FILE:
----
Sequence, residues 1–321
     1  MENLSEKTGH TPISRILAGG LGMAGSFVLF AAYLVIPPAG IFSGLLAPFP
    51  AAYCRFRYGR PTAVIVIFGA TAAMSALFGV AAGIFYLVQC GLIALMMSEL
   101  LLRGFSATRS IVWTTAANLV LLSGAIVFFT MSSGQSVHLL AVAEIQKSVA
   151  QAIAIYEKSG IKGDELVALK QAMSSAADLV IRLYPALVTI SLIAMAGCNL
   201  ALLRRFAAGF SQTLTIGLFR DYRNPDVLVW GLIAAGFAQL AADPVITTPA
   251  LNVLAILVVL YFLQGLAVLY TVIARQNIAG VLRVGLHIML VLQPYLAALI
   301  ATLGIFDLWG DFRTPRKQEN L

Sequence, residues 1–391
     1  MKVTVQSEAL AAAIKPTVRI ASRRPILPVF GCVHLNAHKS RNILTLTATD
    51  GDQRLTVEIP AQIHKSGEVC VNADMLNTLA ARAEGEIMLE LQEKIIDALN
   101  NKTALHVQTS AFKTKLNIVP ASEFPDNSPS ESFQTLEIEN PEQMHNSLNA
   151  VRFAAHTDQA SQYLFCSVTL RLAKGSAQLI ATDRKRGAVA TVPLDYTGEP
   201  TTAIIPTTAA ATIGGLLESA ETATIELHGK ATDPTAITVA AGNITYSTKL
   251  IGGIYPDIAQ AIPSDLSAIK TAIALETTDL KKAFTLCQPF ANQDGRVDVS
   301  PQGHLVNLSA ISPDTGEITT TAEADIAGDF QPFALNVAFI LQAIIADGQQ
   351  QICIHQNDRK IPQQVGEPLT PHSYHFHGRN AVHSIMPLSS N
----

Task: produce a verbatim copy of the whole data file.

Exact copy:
Sequence, residues 1–321
     1  MENLSEKTGH TPISRILAGG LGMAGSFVLF AAYLVIPPAG IFSGLLAPFP
    51  AAYCRFRYGR PTAVIVIFGA TAAMSALFGV AAGIFYLVQC GLIALMMSEL
   101  LLRGFSATRS IVWTTAANLV LLSGAIVFFT MSSGQSVHLL AVAEIQKSVA
   151  QAIAIYEKSG IKGDELVALK QAMSSAADLV IRLYPALVTI SLIAMAGCNL
   201  ALLRRFAAGF SQTLTIGLFR DYRNPDVLVW GLIAAGFAQL AADPVITTPA
   251  LNVLAILVVL YFLQGLAVLY TVIARQNIAG VLRVGLHIML VLQPYLAALI
   301  ATLGIFDLWG DFRTPRKQEN L

Sequence, residues 1–391
     1  MKVTVQSEAL AAAIKPTVRI ASRRPILPVF GCVHLNAHKS RNILTLTATD
    51  GDQRLTVEIP AQIHKSGEVC VNADMLNTLA ARAEGEIMLE LQEKIIDALN
   101  NKTALHVQTS AFKTKLNIVP ASEFPDNSPS ESFQTLEIEN PEQMHNSLNA
   151  VRFAAHTDQA SQYLFCSVTL RLAKGSAQLI ATDRKRGAVA TVPLDYTGEP
   201  TTAIIPTTAA ATIGGLLESA ETATIELHGK ATDPTAITVA AGNITYSTKL
   251  IGGIYPDIAQ AIPSDLSAIK TAIALETTDL KKAFTLCQPF ANQDGRVDVS
   301  PQGHLVNLSA ISPDTGEITT TAEADIAGDF QPFALNVAFI LQAIIADGQQ
   351  QICIHQNDRK IPQQVGEPLT PHSYHFHGRN AVHSIMPLSS N